NESDC ordered to rejig strategies
Proposed revisions due in September
The state planning unit, the National Economic and Social Development Council (NESDC), has been ordered to revise the 20-year national strategy (2018-37) and the 12th national economic and social development plan (2017-21) to keep abreast of changing social and economic trends caused by the global economic slowdown and the pandemic.
The latest meeting of the National Strategy Committee chaired by Prime Minister Prayut Chan-o-cha last week ordered the NESDC to revise the master plan for the first five years (2019-23) under the 20-year strategic plan.
The national strategy, which came into force on Oct 13, 2018, has 23 master plans. Under those plans, there are 15 urgent flagship projects that must be implemented during 2019-23.
The 15 projects are split into several groups: social and economic restructuring in an effort to increase competitiveness; upgrading Thais' skills; projects that can create a balance between social and economic growth; infrastructure projects that can drive long-term economic growth; and projects that can generate income to create sustainable growth.
The first five years (2019-23) of development are based on requirements set under the national strategic plan. Gross national income per capita is targeted to increase by an average of 70,000 baht a year to reach 360,000 baht in 2023, up from 290,000 baht in 2019.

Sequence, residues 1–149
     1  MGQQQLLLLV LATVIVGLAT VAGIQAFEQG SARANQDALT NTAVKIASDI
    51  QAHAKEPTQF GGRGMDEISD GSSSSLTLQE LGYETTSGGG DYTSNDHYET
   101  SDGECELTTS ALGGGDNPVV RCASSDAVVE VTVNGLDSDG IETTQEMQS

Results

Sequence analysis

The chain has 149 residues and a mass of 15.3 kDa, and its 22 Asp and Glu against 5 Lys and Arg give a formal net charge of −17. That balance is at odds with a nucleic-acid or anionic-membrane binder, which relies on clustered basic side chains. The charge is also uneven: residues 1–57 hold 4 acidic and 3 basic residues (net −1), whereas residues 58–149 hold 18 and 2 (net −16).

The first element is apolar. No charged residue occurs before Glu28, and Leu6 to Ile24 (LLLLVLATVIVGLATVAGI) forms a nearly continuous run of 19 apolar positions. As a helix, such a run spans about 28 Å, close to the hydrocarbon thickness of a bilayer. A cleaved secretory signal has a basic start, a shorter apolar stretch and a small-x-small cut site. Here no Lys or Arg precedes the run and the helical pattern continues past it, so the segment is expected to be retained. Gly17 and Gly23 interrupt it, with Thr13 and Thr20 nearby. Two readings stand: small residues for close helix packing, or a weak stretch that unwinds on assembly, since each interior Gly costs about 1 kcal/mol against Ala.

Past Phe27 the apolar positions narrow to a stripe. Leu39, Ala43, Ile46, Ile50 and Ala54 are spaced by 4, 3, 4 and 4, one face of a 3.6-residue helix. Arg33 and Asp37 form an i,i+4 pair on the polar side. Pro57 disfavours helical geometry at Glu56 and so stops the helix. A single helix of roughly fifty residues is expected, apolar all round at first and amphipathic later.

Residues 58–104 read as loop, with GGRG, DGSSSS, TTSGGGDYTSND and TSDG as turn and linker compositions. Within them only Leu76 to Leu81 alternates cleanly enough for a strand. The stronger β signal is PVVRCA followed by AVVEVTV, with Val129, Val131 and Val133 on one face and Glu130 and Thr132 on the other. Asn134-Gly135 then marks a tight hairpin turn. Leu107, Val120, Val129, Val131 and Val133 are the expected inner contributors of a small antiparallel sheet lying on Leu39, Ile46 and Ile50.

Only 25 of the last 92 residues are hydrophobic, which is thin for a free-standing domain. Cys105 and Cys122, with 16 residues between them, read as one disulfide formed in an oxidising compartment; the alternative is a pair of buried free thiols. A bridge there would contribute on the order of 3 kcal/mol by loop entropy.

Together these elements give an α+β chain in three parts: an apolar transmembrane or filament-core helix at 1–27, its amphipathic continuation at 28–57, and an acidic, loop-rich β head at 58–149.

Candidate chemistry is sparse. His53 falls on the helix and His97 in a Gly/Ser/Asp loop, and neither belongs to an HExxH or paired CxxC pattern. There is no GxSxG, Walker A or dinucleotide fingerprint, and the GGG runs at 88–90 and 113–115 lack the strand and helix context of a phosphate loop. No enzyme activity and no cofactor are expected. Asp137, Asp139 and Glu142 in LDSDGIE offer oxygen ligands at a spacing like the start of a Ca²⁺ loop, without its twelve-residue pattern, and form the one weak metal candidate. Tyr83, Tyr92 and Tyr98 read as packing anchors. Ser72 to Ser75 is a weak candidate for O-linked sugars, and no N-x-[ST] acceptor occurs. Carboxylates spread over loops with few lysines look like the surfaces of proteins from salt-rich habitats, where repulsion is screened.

Growth in agriculture, industry and services/other is targeted at 3.8%, 4.6% and 5.4%, respectively, in the 12th national plan.
Secretary-general Thosaporn Sirisamphand said the NESDC is scheduled to propose a revised plan by September.
"The government is maintaining the goals of the 20-year strategy plan, with only the means and ways of development subject to change," Mr Thosaporn said.
Danucha Pichayanan, NESDC's deputy secretary-general, said the 20-year strategic plan already took into account the possible impact of new diseases such as Severe Acute Respiratory Syndrome (Sars) and Middle East Respiratory Syndrome (Mers).
But the impact of Covid-19 is deeper and projected to last a long time, causing problems much more complicated than those of Sars and Mers.
Covid-19 also struck while the global economy was already slowing down.
Mr Danucha said rehabilitating the economy may take a while, and some business sectors may encounter more difficulty resuming their previous healthy growth, especially automotive, aviation and tourism.